"The RAD sequence is a placeholder that identifies one small region of a genome," Johnson said. "We showed that this technique lets us gather together appropriate nearby sequences and piece them together." In just seconds, a section is completed, he said. In a matter of hours, he added, an entire genome's sequence emerges.

Using the book analogy, Johnson said: "We first asked if we can piece together one short sentence at a time instead of ordering all the words in the whole book at once. Next, can we put together one paragraph at a time? That's like going from, say, 1,000 letters of the genome in a row to 5,000 at a time. Here, we show that we can do this. We can put the book back together."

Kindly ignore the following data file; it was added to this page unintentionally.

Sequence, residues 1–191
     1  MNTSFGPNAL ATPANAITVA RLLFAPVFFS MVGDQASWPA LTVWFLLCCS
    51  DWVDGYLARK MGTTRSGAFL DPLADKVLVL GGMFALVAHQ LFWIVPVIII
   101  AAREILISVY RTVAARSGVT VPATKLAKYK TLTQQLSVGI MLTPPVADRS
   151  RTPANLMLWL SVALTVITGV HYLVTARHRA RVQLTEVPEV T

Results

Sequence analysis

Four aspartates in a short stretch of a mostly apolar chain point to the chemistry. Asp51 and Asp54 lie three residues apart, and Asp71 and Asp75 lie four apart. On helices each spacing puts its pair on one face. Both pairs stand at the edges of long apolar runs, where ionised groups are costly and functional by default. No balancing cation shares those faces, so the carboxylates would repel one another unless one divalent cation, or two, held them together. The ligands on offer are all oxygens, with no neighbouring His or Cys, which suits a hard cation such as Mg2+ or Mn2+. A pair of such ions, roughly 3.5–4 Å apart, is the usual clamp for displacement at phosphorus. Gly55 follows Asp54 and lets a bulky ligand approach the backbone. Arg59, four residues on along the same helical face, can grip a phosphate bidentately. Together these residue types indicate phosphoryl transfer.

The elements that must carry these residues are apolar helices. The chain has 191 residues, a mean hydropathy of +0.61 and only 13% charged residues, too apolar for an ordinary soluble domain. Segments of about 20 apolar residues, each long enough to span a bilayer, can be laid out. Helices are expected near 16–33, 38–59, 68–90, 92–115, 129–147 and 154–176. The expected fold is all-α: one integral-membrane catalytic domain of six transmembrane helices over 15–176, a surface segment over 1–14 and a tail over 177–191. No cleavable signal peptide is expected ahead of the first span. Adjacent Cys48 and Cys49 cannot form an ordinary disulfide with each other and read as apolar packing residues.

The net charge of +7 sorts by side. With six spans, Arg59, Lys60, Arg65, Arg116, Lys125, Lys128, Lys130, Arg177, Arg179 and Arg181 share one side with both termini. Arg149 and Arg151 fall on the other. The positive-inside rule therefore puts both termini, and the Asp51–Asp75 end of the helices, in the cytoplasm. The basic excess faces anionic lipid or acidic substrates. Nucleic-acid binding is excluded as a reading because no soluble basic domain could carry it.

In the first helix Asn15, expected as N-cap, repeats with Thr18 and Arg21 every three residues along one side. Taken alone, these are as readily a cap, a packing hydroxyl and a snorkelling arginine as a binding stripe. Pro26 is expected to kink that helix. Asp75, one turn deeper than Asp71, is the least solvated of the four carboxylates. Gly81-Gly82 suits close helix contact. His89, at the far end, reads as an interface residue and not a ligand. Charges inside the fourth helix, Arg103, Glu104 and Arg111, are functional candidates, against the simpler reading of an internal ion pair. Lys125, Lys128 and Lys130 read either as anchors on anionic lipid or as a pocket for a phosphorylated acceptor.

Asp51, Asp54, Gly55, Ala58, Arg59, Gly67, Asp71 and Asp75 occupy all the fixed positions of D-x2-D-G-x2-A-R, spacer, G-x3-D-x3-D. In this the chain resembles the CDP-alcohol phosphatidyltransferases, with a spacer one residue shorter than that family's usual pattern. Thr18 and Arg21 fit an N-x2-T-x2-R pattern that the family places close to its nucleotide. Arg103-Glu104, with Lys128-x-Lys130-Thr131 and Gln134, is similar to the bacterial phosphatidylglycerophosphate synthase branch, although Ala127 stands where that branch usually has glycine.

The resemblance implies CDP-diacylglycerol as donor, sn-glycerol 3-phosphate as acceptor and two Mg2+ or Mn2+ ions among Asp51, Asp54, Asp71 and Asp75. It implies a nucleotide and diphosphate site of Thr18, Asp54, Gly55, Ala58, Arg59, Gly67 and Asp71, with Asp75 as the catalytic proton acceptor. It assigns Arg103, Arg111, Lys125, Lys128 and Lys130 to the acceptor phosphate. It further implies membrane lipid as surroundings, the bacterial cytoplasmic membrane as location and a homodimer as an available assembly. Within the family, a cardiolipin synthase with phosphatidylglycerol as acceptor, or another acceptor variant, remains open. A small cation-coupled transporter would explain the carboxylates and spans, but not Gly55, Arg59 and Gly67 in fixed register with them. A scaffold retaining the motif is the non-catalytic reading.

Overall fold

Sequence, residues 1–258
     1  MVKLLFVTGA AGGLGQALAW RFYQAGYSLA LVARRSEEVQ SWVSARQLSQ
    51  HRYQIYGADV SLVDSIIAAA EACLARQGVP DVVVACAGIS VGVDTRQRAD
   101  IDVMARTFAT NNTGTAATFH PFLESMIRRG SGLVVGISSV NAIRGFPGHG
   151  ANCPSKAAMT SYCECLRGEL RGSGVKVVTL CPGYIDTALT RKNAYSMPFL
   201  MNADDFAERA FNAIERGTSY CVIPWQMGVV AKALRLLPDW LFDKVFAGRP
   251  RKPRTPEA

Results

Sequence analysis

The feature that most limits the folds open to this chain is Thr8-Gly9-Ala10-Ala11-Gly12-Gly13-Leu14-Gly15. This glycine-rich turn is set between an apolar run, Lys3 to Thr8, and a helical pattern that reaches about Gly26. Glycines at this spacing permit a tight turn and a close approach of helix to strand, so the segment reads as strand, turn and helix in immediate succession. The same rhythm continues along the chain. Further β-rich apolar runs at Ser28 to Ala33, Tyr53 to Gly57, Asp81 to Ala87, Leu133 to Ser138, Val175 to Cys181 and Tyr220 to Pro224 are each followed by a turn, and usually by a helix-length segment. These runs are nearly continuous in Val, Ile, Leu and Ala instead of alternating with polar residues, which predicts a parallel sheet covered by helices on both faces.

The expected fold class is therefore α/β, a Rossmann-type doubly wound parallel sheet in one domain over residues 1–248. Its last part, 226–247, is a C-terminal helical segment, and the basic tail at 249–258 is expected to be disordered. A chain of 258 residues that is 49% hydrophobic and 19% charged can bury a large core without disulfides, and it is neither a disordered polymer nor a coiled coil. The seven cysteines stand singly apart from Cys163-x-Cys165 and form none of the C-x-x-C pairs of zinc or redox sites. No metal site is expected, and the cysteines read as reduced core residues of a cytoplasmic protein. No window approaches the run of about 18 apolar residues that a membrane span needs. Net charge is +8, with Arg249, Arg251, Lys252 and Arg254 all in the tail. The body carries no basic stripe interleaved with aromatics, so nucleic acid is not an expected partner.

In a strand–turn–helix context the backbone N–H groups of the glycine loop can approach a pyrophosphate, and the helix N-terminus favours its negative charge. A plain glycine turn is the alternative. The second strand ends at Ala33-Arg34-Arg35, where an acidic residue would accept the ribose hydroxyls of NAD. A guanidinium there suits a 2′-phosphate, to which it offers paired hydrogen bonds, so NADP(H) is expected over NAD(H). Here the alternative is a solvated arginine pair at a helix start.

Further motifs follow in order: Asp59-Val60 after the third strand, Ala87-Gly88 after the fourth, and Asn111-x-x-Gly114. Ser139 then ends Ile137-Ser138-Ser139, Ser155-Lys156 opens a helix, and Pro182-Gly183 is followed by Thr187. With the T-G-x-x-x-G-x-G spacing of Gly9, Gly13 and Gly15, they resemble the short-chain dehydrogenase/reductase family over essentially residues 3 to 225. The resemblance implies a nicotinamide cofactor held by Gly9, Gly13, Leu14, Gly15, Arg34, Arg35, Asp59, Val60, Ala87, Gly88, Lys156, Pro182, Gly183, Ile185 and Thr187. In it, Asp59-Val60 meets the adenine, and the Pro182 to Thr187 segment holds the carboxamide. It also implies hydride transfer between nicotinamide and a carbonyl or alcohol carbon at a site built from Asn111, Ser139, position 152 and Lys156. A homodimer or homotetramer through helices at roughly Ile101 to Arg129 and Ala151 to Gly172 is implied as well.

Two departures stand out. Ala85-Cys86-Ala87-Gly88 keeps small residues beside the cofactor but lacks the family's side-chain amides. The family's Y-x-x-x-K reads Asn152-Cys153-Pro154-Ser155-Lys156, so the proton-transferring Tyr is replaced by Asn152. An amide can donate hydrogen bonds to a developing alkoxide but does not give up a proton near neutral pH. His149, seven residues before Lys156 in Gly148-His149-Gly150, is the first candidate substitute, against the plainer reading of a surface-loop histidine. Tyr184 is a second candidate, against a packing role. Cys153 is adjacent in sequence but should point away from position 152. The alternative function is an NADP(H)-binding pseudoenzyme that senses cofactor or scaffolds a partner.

A RAD marker in the book analogy might be a word at the start of each sentence. Using that marker as an anchor, the rest of the words in the sentence are easily separated from all the words in the book, and then the words in the sentence are put in the right order, on an on until all the content is organized correctly, Johnson said. The end product, he added, contains few, if any, leftover or unexplained fragments, a problem occurring with current technologies that rely on clusters of computers, requiring extensive memory, to complete sequencing projects.

RAD technology can be applied to study the genetics of organisms for which genomes have not been completed, Johnson said.

The PLoS One paper detailed how RAD works on stickleback and the bacterium e-coli. Both involve small and rather simple genomes. There already is interest in its potential application in human genome sequencing, Johnson said.